No geographical analysis is complete without taking a look at the map, a visual analysis. Here is a map of the metro areas showing the growth (in green) or decline (in purple) of total population, with the darkest colors representing extreme growth or decline:
As we studied that map, we noticed that the patterns were not just about people leaving the coasts and running to Texas and Florida. We’ve roughly defined a series of growth and no-growth corridors or zones.
The map below shows the two coastal areas (outlined in red), Coastal California and the Boston-Washington corridor, that have seen the biggest declines. Note, however, that the areas just inland from those two areas are growing. Many of the people leaving New York and the California cities are moving inland or “going exurban” – the outlying areas that are beyond traditional suburbs.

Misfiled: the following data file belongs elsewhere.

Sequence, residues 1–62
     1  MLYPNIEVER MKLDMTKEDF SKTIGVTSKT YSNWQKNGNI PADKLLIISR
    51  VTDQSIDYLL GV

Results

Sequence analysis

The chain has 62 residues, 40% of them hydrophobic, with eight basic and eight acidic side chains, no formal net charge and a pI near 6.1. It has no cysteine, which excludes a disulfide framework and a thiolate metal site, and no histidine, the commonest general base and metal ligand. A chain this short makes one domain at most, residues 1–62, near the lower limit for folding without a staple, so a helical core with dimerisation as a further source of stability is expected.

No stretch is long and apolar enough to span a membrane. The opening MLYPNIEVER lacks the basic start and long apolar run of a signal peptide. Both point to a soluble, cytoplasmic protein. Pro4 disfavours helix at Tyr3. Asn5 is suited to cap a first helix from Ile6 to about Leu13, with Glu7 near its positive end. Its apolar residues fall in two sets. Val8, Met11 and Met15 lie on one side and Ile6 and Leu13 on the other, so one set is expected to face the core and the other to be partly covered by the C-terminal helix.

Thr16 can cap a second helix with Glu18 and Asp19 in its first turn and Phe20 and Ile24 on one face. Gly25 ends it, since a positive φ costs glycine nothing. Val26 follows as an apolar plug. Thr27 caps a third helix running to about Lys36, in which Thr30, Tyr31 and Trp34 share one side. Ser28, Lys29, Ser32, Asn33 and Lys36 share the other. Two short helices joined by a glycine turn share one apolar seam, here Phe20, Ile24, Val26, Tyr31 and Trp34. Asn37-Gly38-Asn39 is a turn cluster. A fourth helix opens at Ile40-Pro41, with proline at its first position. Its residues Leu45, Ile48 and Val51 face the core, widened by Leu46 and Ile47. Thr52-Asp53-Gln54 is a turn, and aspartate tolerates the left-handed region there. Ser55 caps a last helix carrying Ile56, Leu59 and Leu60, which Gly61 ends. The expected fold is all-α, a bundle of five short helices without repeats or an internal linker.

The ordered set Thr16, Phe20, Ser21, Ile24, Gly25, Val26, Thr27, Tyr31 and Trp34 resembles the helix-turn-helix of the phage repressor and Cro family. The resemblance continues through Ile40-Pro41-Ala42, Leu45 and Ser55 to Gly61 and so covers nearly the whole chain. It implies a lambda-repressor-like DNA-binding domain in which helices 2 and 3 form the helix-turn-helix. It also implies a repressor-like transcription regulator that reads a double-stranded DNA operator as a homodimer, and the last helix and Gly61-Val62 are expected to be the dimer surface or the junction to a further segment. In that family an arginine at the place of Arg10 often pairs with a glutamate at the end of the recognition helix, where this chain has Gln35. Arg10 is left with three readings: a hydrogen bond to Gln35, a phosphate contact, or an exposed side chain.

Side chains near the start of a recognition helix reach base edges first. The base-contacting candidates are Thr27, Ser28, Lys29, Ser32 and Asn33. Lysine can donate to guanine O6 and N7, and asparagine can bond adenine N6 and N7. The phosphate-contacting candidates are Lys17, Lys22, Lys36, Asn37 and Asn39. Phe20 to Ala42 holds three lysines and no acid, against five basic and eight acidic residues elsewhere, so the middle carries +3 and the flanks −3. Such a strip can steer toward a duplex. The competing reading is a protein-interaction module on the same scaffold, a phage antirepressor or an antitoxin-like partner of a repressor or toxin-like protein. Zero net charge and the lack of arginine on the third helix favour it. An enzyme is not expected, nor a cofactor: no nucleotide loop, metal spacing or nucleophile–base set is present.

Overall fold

Also apparent is the strength of the Southeast, roughly a triangle of green which might reach well into the Midwest:
Going one step further, we outlined three north-south corridors that are not normally in the conversation, each roughly following an Interstate highway. Here is the I-65 corridor, which roughly parallels the auto and auto parts manufacturing centers of America that have risen up with Detroit’s decline. Overwhelmingly green and growing.
While that I-65 corridor is doing relatively well, the I-55 corridor (down the Mississippi Valley) is a sea of purple, not growing:
And then, another step west, the I-35 corridor is booming:
The Mountain States are generally growing, led by Phoenix, and the Northwest is a mixed bag, with Seattle growing a hair and Portland shrinking.
Central Core Analysis